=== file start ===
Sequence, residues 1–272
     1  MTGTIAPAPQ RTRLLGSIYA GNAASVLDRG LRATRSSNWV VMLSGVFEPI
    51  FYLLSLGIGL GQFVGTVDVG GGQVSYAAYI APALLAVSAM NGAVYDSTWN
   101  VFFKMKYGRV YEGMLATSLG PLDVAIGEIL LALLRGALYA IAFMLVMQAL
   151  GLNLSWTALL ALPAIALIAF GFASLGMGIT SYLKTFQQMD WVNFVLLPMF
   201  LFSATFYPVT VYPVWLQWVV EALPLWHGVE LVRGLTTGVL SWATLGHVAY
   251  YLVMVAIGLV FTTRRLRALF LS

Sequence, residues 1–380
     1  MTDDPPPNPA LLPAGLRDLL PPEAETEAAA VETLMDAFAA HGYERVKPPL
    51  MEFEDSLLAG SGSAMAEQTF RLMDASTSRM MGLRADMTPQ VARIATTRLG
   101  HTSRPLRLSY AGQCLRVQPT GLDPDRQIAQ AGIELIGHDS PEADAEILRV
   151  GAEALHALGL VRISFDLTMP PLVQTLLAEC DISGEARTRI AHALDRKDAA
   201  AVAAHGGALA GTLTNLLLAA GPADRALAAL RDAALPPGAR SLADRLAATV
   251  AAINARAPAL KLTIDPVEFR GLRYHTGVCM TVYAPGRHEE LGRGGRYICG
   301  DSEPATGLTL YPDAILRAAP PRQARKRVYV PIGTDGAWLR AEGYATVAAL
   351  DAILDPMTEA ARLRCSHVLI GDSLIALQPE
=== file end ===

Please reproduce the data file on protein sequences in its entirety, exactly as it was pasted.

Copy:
Sequence, residues 1–272
     1  MTGTIAPAPQ RTRLLGSIYA GNAASVLDRG LRATRSSNWV VMLSGVFEPI
    51  FYLLSLGIGL GQFVGTVDVG GGQVSYAAYI APALLAVSAM NGAVYDSTWN
   101  VFFKMKYGRV YEGMLATSLG PLDVAIGEIL LALLRGALYA IAFMLVMQAL
   151  GLNLSWTALL ALPAIALIAF GFASLGMGIT SYLKTFQQMD WVNFVLLPMF
   201  LFSATFYPVT VYPVWLQWVV EALPLWHGVE LVRGLTTGVL SWATLGHVAY
   251  YLVMVAIGLV FTTRRLRALF LS

Sequence, residues 1–380
     1  MTDDPPPNPA LLPAGLRDLL PPEAETEAAA VETLMDAFAA HGYERVKPPL
    51  MEFEDSLLAG SGSAMAEQTF RLMDASTSRM MGLRADMTPQ VARIATTRLG
   101  HTSRPLRLSY AGQCLRVQPT GLDPDRQIAQ AGIELIGHDS PEADAEILRV
   151  GAEALHALGL VRISFDLTMP PLVQTLLAEC DISGEARTRI AHALDRKDAA
   201  AVAAHGGALA GTLTNLLLAA GPADRALAAL RDAALPPGAR SLADRLAATV
   251  AAINARAPAL KLTIDPVEFR GLRYHTGVCM TVYAPGRHEE LGRGGRYICG
   301  DSEPATGLTL YPDAILRAAP PRQARKRVYV PIGTDGAWLR AEGYATVAAL
   351  DAILDPMTEA ARLRCSHVLI GDSLIALQPE